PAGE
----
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13 November 2014

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You are in: Berkshire > History > History links > Can you dig it?

Can you dig it?

The Roman town of Silchester has been excavated by Reading University since 1997. BBC Radio Berkshire's Maggie Philbin paid a visit to the site with gardening expert Colin Evans to look at a Roman garden and try her hand at a spot of archaeology.

The archeological dig at Silchester.

The archeological dig at Silchester.

The Roman name for Silchester was Calleva Atrebatum, which denotes its role as an Iron Age settlement of the Atrebates tribe in southern Britain. Measuring 100 acres within a polygonal earthwork, many of the original walls of the settlement are still visible.

Roman Silchester is unusual in that it was abandoned shortly after the end of the Roman era, whereas most Roman towns in Britain continued to exist after the Romans. As a consequence, the archeological remains of the Roman and Iron age settlement have remained relatively untouched for the past 2,000 years.

Maggie said: "I'm on an archaeological dig in Silchester. It's a tiny little village in the centre of Newbury, Reading and Basingstoke, but it was a very significant Roman town and a really significant Iron Age town."

Professor Michael Fulford said the excavation by Reading University was going well. "The Iron Age streets and lanes are appearing, and the occupation that goes with it." he said. "You can see the well here from a very early Roman date, along with that we're beginning to uncover more from between the Iron Age and Roman times, which is a really exciting unknown period roughly from the 1st Century AD."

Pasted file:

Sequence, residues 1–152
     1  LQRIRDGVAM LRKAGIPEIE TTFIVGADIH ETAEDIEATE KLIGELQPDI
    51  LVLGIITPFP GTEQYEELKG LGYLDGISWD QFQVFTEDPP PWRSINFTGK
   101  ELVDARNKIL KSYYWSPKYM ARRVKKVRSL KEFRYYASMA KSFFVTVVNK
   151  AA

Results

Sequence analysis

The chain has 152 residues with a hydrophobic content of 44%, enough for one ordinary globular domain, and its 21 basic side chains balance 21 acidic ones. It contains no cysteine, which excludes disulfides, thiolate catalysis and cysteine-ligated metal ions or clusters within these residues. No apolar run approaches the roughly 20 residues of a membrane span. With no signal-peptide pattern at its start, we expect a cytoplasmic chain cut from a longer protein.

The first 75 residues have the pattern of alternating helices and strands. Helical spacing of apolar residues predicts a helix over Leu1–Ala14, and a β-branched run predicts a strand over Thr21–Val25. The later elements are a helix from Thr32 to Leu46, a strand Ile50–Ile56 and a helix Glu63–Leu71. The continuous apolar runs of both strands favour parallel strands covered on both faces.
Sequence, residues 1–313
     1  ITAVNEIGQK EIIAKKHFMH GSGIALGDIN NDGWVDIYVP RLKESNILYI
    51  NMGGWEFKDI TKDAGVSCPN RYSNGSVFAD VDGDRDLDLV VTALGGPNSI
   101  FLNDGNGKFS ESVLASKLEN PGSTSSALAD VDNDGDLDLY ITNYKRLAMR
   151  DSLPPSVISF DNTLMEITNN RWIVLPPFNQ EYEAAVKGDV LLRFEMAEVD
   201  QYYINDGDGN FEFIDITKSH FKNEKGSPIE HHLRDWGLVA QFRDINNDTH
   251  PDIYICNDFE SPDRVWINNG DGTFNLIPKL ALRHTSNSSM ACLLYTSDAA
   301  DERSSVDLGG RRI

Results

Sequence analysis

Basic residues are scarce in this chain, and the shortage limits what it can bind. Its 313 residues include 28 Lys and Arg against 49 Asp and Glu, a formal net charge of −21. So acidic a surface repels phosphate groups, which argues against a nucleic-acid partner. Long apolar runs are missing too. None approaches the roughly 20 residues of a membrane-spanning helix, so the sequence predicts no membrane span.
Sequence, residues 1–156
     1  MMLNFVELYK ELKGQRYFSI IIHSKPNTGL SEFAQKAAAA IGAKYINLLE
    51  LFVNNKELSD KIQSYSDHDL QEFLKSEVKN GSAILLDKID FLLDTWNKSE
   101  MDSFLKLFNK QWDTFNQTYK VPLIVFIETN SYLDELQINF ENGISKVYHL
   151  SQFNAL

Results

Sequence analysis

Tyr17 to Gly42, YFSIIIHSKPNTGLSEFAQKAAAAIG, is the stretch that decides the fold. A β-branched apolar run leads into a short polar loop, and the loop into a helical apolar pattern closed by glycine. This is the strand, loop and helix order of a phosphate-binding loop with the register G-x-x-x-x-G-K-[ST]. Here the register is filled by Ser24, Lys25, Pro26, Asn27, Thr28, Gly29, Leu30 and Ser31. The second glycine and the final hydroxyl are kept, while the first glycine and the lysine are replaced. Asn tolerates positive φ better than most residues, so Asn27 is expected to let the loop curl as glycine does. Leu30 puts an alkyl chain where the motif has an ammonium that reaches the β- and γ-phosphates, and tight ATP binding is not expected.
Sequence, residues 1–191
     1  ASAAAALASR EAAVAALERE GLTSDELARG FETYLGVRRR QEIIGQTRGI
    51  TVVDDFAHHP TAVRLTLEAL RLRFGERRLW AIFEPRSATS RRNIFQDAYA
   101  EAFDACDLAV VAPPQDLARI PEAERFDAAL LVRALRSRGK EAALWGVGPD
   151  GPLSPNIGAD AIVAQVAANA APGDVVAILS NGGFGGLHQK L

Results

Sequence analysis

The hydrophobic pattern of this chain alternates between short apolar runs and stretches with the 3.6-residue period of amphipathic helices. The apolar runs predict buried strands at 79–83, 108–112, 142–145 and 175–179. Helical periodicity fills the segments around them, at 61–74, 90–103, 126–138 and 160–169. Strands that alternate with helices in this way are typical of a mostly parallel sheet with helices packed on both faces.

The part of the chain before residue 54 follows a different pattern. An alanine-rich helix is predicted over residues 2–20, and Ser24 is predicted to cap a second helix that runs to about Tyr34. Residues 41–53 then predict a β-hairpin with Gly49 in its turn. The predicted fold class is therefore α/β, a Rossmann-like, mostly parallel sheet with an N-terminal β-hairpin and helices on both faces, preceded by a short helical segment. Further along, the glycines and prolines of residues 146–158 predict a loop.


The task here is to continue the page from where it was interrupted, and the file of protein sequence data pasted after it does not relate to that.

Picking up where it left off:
An excavated Roman at Silchester

An excavated Roman well at Silchester

More than 100 students from Reading University are working on the archeological dig this summer as part of their archaeology course, many of them camping on site.

Archeologists are able to make many discoveries about aspects of Roman life from surprising sources. For example, they have been able to learn about Roman diet by analysing seeds found in the town's cesspits.

Maggie: "It's such an impressive dig. We've probably got 70 students at the moment on their hands and knees with trowels, and I'm about to join them trowel in hand."

Two archeologists work on the site at Silchester.

Two archeologists work on the site at Silchester.

Professor Fulford said: "You've come into what we've nicknamed the Oyster House due to the finds of oysters. You can see where the walls are, you can see the foundations of this building.

"This excavation is going to take at least another five summers, as we're seeing more and more archaeology from the late Iron Age and earliest Roman age which is very very exciting. I think it's going to take me past retirement!"

Maggie said: "One of the finds I have seen was a tiny little bead the size of a pin head, I'm just amazed you can spot things like that."

Amanda Clarke in the Roman garden at Silchester

Amanda Clarke in the Roman garden at Silchester

Maggie and Colin Evans were also excited to take a look at a Roman Garden which has been planted on the site.

"We can see the Romans grew lots of things that we grow today." said Colin. "Lots of medicinal plants, and things like walnuts, onions, broad beans, cabbages and olives."

"If you ever think 'what did the Romans ever do for us?', they did rather a lot judging from this garden!"

last updated: 29/07/2009 at 16:11
created: 29/07/2009

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